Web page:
The San Marino GP is truly Valentino Rossi’s home MotoGP round, and tradition sees him sporting yet another special helmet for the event. This year Aldo Drudi has focused his design on the people close to Rossi’s life, with the helmet also sporting the phrase “Misano ci dà una mano”, meaning “Misano gives you a hand”. A colorful piece, Rossi’s AGV Pista helmet is adorned with the handprints of the mechanics of the Movistar Yamaha MotoGP team. There are also the paw prints of his beloved dogs Cesare and Cecilia, as well as his cat Rossano. You will also notice two sets of lips, from the two women currently in Rossi’s life, his mother Stefania and his girlfriend Linda. The last mark is a thumbprint from Aldo Drudi himself, a long time friend and designer for The Doctor.

True to tradition, Valentino Rossi debuted another unique helmet design for his home crowd at the San Marino GP in Misano, Italy. Themed to Pink Floyd’s “Wish You Were Here”, Rossi has added the last stanza of the song to his livery as well. “How I wish, how I wish you were here. We’re just two lost souls swimming in a fish bowl, year after year, running over the same ground What have we found? The same old fears, wish you were here.” So, it should come as no surprise that a bevy of photos are after the jump, for your viewing pleasure — since we know that there are some diehard fans of The Doctor that read the pages of Asphalt & Rubber.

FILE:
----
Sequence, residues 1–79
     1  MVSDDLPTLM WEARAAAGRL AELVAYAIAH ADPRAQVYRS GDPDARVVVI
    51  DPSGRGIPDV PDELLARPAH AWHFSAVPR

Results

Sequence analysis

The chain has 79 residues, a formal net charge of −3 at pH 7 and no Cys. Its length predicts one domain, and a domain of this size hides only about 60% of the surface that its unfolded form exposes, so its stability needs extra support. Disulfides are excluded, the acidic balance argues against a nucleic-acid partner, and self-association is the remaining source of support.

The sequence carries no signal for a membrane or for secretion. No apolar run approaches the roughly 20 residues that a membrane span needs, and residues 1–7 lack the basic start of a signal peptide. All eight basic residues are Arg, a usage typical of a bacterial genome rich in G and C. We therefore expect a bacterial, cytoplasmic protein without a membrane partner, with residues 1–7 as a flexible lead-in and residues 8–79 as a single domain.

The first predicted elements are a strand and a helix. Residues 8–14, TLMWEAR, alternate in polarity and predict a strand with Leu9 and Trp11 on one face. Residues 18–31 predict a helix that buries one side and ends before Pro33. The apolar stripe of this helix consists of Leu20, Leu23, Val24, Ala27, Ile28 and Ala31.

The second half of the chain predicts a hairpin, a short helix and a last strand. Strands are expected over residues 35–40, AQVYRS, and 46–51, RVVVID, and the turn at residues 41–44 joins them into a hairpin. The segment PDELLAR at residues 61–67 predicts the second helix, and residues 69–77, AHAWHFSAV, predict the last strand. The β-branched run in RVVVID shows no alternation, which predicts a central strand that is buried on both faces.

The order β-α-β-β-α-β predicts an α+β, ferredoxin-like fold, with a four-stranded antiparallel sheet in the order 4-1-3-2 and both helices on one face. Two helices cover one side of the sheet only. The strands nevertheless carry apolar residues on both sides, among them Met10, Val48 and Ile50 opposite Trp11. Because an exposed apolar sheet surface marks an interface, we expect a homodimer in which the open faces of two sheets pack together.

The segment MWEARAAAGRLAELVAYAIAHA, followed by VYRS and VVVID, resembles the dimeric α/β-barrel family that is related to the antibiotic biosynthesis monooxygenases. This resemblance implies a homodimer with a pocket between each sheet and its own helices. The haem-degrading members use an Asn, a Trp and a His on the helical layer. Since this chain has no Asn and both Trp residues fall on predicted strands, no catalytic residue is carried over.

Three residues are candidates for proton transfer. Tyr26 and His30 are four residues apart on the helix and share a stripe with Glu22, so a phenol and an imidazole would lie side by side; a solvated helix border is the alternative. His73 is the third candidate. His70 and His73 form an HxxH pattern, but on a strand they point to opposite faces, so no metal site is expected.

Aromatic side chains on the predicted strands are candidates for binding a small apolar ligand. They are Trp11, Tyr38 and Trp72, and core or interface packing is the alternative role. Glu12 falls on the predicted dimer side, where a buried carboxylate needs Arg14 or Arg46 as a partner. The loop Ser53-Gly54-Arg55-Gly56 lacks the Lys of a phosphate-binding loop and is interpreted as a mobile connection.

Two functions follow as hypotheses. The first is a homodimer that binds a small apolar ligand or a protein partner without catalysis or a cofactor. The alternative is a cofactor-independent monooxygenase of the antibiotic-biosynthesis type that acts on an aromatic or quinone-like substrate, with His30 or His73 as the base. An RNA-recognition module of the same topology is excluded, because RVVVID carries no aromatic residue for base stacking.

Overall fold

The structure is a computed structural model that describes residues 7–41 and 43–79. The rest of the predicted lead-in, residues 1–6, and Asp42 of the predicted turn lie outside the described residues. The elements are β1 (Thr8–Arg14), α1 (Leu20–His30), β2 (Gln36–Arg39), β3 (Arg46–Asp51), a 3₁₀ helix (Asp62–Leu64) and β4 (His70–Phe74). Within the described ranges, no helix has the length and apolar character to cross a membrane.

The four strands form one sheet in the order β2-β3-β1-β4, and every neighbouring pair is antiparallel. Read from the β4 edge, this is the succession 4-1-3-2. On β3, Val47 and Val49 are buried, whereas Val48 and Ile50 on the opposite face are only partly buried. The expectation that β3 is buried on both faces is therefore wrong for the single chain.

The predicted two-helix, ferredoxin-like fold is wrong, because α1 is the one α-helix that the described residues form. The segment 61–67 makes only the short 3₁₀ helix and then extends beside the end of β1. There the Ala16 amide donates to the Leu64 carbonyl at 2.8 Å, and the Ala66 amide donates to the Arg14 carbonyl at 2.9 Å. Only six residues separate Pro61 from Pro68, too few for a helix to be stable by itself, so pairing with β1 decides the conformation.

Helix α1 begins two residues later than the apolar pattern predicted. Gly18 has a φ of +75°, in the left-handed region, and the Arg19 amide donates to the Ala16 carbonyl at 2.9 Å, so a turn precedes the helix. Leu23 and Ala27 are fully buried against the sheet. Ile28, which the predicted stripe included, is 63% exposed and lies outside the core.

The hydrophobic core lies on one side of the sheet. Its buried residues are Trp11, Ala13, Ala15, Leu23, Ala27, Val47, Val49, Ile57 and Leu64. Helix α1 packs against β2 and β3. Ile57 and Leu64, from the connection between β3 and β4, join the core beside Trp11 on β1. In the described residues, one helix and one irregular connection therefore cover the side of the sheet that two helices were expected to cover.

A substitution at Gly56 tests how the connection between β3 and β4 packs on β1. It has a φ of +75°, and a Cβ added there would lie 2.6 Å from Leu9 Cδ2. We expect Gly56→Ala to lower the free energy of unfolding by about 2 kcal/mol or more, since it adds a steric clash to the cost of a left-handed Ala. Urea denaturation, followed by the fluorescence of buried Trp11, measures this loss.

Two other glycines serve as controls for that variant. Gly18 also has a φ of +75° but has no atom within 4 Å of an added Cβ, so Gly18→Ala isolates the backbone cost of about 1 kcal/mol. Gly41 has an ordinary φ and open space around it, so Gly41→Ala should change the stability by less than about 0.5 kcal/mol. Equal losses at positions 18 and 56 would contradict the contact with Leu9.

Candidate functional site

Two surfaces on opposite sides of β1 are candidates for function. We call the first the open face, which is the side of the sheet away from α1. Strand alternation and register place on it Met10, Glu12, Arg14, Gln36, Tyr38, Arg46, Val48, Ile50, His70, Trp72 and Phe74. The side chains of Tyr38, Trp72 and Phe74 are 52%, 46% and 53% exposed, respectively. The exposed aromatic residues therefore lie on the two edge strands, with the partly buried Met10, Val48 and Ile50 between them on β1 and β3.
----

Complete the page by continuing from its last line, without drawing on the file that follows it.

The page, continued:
I wish I could take credit for having such a deep understanding of Italian culture that the meaning behind Rossi’s Mugello helmet was self-evident, but the credit belongs to Ducati Corse’s PR man, Chris Jonnum. After seeing Alex Brigg’s tweet that featured Rossi’s new helmet design, CJ was kind enough to connect the dots for us on the meaning behind the special Mugello helmet. And let me tell you, as non-Italian, the trail would not have been easy to follow without his help. Get the inside scoop on Rossi’s lid after the jump.

Monster’s series on Valentino Rossi’s Mugello helmets continues (Part 1 here), with this second installment just teasing out the nine-time World Champion’s signature special Mugello helmet. The video is certainly less wordy than the first, and from what we can gather, Rossi will have a ring of flowers on his head for the Italian GP.

With MotoGP to take to the historic Italian track for FP3 and Qualifying in just a few hours, we shouldn’t have too long to wait to see the final product from Aldo Drudi. Until then, this video will have to suffice. Check it out after the jump.